40-hours of homelessness

Published 7:44 am Friday, August 20, 2010

Pastor Jonathan Baxter and his wife, Audra, of In His Hands Ministries are photographed at Lions Park Thursday afternoon, where the group will be holding a homelessness awareness camp-out starting Friday night. --Eric Johnson/photodesk@austindailyherald.com

Jonathan Baxter has a home here in Austin, but he knows some people aren’t as fortunate.

That’s why Baxter, who is the pastor for the new In His Hands Ministries, will be camping out at Lions Park near the Queen of Angels church this weekend in an effort to raise awareness about homelessness.

Starting today at 6 p.m., Baxter, along with possibly a few others who worship with him at the Mower County Senior Center, will be starting a 40-hour journey into what life is like without a home.

Email newsletter signup

“It’s really just about raising awareness,” the pastor said. “I have a sensitivity to it.”

Baxter grew up in Detroit, a large city where homelessness is prevalent. Though Austin isn’t nearly as large, he said it is still a problem here.

Exactly how big a problem homelessness is in Austin is hard to say. Baxter said he’s aware of anywhere between 14 and 24 people who are completely without homes, though there may be a handful more who go unnoticed and uncounted. Additionally, many people are only homeless on a temporary basis, the National Coalition for the Homeless reports, making measurement that much more difficult.

However, the coalition reports more authoritatively that many U.S. cities do not have enough shelters to house their estimated number of homeless on a given night.

Baxter said this is a problem in Austin as well, as there is no permanent homeless shelter. Currently, the best bet for someone without a home is to contact the local Salvation Army, which can arrange a temporary hotel stay, said Baxter, a former Austin Salvation Army worker himself.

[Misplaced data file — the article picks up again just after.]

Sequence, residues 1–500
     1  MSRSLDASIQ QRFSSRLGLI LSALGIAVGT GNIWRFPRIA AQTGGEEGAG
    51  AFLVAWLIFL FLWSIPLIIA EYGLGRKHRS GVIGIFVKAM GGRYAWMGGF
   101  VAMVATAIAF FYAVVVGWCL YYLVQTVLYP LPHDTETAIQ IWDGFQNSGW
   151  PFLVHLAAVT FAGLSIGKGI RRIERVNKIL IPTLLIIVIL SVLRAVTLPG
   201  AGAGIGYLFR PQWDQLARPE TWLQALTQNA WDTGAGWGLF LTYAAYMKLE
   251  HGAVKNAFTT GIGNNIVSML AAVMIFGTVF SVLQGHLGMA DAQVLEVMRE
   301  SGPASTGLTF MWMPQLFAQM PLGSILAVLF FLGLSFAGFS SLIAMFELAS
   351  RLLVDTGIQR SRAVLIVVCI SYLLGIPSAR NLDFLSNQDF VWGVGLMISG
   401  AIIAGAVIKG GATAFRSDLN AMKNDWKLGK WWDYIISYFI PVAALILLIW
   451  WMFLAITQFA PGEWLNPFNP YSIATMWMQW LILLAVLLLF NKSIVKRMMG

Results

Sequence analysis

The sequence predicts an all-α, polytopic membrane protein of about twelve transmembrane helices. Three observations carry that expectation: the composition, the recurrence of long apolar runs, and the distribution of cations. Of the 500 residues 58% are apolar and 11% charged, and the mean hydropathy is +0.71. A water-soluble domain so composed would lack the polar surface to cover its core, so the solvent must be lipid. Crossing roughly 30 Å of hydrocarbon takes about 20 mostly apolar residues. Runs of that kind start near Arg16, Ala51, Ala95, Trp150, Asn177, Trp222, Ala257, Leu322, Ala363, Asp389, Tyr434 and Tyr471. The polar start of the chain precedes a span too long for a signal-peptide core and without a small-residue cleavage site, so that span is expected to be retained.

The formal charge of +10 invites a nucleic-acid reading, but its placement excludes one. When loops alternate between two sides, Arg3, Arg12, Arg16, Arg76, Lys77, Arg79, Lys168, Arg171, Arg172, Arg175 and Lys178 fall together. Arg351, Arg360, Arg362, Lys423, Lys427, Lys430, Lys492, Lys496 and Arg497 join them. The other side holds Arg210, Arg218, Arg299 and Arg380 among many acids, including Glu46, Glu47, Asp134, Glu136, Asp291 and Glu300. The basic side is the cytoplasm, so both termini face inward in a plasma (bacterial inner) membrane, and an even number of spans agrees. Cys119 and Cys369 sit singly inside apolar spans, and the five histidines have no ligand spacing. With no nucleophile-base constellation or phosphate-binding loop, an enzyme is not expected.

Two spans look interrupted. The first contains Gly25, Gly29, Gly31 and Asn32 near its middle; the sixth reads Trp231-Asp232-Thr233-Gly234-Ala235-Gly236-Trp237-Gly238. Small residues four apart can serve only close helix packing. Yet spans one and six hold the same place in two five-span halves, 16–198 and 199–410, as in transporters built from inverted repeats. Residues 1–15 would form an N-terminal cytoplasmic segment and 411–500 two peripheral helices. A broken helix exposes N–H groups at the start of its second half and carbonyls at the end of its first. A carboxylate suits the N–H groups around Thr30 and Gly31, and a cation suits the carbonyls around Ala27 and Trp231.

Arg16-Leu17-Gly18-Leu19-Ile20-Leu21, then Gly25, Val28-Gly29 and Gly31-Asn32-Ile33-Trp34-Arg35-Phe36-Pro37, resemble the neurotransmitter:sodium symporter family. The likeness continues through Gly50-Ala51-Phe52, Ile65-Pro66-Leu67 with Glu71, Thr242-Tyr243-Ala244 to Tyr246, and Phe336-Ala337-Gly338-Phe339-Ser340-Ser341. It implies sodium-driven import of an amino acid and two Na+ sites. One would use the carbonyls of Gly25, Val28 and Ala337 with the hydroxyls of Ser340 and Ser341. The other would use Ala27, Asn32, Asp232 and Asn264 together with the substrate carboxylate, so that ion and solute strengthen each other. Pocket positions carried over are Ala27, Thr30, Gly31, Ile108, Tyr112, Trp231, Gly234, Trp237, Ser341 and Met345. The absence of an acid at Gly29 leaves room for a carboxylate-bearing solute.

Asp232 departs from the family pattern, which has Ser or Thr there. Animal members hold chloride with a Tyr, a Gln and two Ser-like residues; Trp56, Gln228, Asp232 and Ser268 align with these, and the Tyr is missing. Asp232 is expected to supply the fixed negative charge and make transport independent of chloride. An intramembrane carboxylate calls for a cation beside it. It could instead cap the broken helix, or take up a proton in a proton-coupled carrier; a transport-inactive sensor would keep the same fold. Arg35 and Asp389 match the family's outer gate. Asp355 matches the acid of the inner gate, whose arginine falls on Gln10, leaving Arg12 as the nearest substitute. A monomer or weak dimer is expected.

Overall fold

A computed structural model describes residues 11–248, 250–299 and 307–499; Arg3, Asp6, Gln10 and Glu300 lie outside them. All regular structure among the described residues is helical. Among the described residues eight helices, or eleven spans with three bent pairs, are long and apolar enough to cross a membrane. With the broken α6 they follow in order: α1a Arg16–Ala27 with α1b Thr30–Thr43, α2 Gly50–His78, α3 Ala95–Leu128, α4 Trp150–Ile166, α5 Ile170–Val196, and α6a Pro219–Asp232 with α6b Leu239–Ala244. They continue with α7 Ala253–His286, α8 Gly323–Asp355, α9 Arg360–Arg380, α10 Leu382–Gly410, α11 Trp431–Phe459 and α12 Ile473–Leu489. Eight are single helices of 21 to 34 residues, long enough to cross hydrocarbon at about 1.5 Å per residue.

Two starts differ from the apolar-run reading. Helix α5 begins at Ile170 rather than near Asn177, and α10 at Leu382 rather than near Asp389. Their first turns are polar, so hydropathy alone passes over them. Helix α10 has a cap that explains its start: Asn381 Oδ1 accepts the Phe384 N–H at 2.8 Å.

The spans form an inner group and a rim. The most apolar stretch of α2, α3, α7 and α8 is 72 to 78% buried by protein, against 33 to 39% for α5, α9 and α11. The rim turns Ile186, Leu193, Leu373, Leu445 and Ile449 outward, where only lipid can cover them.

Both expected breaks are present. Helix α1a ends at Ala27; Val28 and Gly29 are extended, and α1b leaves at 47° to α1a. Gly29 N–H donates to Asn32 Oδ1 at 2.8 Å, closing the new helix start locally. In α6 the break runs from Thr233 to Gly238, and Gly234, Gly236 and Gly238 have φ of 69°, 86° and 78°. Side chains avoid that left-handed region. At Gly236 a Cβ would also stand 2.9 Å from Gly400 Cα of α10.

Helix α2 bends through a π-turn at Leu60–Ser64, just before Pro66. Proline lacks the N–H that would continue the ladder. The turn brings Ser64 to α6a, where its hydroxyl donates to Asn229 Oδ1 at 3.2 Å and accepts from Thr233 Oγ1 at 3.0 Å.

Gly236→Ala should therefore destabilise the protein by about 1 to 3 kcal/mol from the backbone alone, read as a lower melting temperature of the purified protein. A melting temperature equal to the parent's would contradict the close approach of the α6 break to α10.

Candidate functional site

But the pastor wants to see something more permanent and visible, a place where homeless people and families can be comfortable. And such a place wouldn’t need to be big, given Austin’s size.

So, Baxter’s next goal is to raise funds for a shelter. He said he’d like to start fundraising as soon as this weekend, if passers-by are generous enough as he camps in Lions Park.

Ultimately, he’d like to see an Austin homeless shelter open in the next five to 10 years.

“This can be something you can fall back on,” Baxter said of a potential shelter.

And that idea of falling back on something, Baxter said, is very important. The pastor noted that as he’s worked with homeless people, he’s noticed that most of them do care about themselves, and have slipped in life rather than failed.

“They didn’t say, ‘Hey, I want to stop in life,’” Baxter said.

A shelter, then, can be a good, temporary place for people to get back on their feet, whether they’re dealing with a lost job, drug abuse or some other challenge.

“They want to be helped,” the pastor added.

As Baxter takes to Lions Park this evening, that will be part of his message as he tries to raise awareness about a national problem that effects Austin, too.

“I don’t even know what to expect,” the pastor said of the camp-out. “We’re just going to go out and do those 40 hours.”